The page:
Tasmania, with its unique geographical location and environment, produces some of the best cool climate timber species, along with speciality hardwood and softwood plantations.
Tasmanian Blackwood (Acacia Melanoxylon), a Wattle Species, is a perfect timber for fine furniture, and often comes with spectacular grain and features, grows in most conditions and is found in most places of Tasmania, and can grow to 50 metres in height in ideal conditions.
Celery Top Pine (Phyllocladus Aspeniifolious), a Native Conifer, is a durable and tough timber, providing a hard wearing surface with a fine-grained appearance. Celery Top Pine mainly grows in the West of Tasmania, and some isolated areas on the East Coast of Tasmania where the climate is much dryer. Celery Top grows to an average height between 15 and 40 metres, with the bark being a reddish brown grey colour with a knobbly surface. The leathery foliage has a distinctive celery like appearance, lending this species it's name. Celery Top is a pale white to yellow colour when cut turning a golden hue once dried. The oldest known Celery Tops are around 800 years old.
Leatherwood (Eucrphia Lucida), can be found in the wetter valleys and rugged western regions with high rainfall (more than 250ml). Leatherwood can grow to 30 metres high, with most found being closer to 15 metres, and can live for about 250 years, alongside Sassafras, Blackwood and Myrtles, and can be found growing as an under storey species in the Tall Eucalypt Forest of Tasmania. It is the same tree that Bee's produce Leatherwood Honey, and used often used for furniture, pulpwood, which can be easily bent, and produces beautiful Burl Wood, which is rare and highly prized, and has also been known to produce excellent Fiddle-back grain.
Tasmanian Myrtle (Nothofagus Cunninghamii), is a striking timber that is often used as a veneer or finishing timber, or used in high-quality furniture, or skirting boards in homes, and flourishes in the cool temperate rain forests of Tasmania, and can be found growing in other area throughout Tasmania, being found more frequently in the west and north west area's. Myrtle is a slow growing species reaching a maximum of about 30 or 40 metres, living for about 500 years. Tasmanian Myrtle is not related, nor resembles the European Myrtle.
Sassafras (Atherospema Moschatum), comes in two major groups, the Golden and Blackheart, with Blackheart Sassafras being the more popular amongst artisans. Sassafras is an under story evergreen tree usually found throughout the cooler temperate rain forests of Tasmania, and generally grow to 45 metre's and 1 metre in diameter in ideal conditions, and can live for around 200 years.
Huon Pine (Lagarostrobos Franklinii), a Rare Timber, the prince, and most sought out of the Tasmanian Timbers. From it's richness of its golden hues to it's highly prized figured grain, it is easy to work with, making it the world's most desirably used timber for furniture and crafts. It is an ancient conifer, that has been dated at over two thousands years of age making the species one of the oldest living trees on the planet. Huon Pine trees still growing in Tasmanian rain forests could possibly be older than 5 thousands years of age. Huon Pine can grow to 20 or 30 metres in height, though it is believed some may reach more than 40 metres. Huon Pine only grows in the rain forests of Tasmania, has no sap, with an essential oil (Methyl Eugenol) keeps the wood durable for hundreds of years, and makes the tree highly resistant to fungal diseases and insect attack, which also lends the timber it's colour and aroma.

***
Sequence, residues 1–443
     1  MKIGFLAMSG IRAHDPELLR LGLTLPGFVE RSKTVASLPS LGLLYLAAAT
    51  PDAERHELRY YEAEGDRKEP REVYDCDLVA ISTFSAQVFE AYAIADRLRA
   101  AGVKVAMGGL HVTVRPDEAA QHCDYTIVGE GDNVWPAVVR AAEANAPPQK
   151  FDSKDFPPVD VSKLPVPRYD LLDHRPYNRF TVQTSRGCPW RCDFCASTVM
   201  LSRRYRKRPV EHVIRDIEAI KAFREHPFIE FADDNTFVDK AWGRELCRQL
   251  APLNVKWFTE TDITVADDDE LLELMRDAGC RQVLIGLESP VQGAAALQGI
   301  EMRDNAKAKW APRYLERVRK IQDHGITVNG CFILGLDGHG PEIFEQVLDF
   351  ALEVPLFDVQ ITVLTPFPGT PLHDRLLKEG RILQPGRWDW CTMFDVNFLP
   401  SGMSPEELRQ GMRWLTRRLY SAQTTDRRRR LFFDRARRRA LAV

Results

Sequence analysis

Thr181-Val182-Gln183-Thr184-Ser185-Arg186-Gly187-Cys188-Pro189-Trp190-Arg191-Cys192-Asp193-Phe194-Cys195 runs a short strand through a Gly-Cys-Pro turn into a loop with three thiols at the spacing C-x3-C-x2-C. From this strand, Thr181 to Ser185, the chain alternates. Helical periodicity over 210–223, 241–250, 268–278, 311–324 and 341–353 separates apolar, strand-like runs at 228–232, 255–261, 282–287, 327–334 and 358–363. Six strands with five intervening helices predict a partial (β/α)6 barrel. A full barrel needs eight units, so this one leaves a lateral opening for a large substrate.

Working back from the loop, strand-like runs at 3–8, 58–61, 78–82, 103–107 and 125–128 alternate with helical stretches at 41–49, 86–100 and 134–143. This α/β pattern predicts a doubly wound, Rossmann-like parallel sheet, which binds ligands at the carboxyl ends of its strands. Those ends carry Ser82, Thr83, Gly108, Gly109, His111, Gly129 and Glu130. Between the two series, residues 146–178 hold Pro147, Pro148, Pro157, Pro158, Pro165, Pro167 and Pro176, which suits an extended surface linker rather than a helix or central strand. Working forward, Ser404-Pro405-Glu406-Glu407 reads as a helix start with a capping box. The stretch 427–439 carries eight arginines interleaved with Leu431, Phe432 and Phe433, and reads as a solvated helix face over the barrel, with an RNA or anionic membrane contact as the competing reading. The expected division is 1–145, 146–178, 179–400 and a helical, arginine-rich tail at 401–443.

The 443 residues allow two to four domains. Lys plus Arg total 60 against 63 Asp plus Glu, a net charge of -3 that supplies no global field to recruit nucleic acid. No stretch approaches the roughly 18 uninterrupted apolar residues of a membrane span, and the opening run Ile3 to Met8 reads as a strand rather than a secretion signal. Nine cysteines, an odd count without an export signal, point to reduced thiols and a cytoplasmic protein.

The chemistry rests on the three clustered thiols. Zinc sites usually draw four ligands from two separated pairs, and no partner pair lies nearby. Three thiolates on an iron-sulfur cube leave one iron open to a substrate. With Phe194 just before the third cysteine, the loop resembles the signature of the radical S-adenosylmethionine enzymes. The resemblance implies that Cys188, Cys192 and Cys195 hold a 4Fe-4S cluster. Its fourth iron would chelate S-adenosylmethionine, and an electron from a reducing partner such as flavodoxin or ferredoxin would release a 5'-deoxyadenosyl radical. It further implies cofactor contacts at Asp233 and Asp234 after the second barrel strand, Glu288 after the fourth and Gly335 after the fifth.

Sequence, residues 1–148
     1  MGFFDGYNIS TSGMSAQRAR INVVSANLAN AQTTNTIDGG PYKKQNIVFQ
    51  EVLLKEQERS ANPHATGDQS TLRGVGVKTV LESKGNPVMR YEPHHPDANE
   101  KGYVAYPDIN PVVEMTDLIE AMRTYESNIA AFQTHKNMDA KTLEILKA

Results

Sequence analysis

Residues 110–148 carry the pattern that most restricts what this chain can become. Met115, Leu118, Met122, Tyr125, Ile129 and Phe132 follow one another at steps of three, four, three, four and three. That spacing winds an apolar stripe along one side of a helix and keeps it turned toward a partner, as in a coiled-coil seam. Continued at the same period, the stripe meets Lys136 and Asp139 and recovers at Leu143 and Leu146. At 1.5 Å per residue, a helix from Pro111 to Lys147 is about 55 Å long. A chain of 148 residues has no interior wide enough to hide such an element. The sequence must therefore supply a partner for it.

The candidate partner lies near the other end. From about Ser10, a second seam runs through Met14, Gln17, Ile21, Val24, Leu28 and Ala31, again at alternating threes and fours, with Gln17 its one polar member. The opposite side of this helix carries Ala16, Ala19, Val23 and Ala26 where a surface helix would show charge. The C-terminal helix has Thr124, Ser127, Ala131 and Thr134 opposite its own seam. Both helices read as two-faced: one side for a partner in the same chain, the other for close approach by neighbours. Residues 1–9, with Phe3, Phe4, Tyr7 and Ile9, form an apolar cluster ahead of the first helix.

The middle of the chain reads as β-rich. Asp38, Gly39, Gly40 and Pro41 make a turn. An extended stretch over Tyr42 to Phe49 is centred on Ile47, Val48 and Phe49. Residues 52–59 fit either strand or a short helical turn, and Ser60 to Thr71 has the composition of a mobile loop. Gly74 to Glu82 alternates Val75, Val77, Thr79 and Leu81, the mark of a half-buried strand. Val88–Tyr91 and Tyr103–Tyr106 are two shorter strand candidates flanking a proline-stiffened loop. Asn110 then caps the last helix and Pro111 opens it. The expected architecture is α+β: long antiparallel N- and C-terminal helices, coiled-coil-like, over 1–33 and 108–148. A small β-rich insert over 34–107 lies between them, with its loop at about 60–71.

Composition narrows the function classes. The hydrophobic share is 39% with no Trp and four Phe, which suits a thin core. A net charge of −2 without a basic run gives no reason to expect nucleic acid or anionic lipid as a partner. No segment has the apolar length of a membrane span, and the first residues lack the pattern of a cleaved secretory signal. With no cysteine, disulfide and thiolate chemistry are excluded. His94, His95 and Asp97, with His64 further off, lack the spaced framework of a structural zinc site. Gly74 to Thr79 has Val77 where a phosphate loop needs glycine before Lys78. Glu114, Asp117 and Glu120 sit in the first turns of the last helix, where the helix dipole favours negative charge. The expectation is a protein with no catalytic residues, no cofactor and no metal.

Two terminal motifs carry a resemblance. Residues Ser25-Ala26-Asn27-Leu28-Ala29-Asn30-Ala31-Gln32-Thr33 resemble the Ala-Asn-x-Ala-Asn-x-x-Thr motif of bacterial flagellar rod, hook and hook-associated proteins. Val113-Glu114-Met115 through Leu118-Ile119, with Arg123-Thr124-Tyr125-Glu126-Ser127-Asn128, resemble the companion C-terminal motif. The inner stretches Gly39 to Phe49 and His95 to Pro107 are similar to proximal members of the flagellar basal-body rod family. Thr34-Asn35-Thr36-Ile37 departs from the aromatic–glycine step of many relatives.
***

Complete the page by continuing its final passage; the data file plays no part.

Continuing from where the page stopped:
Native Musk (Olearia Argophylla), is an under story species, found in rain forests and wetter regions of Tasmania, typically along river banks, and grows to a height between 5 and 15 metres. It has a musk scent, lending to it's name. The produced is a soft creamy brown, with the most prized timber coming from the base of the tree, with the grain from the base area usually being twisted and motley, akin to being Burl like. It is also a difficult timber to season without it checking or splitting.
Tasmanian Blue Gum (Eucalyptus Globulus), the Floral Emblem of Tasmania, the Blue Gum gets its name from the blue-grey colouring of it's foliage when young. The Blue Gum has the potential to reach 70 metres in height, but is generally found around 15 - 25 metres.
Ti Tree (Leptospermum Lanigerum), quite a large species of tree, there are about 80 known species of Ti Tree in Australia. Usually a shrub that grows to 3 metres, and favours a damp environment, often forming thickets with small diameter stems, though it can grow to a height of around 18 metres in Tasmania as a tall, thin tree.
Silver Wattle (Acacia Dealbata), a Wattle Species, that can grow to over 30 metres, and is widely found throughout Tasmania. Growing quite rapidly, it is a major under storey species. The timber varies in colour from soft pink to light brown with lighter colour highlights.
Black Wattle (Acacia Meansii), a Wattle Species, is related to Silver Wattle, but requires less moisture than Silver Wattle, but can often be found growing together, although Black Wattle does not like to grow in very wet area's.
King Billy Pine (Athrotaxis Selaginoides), a Rare Timber, is an endemic softwood species to Tasmania. Growing to between 25 and 30 metres, it is a medium sized slow growing tree with a fibrous bark and is furrowed, found in the wetter and mountainous areas of Tasmania.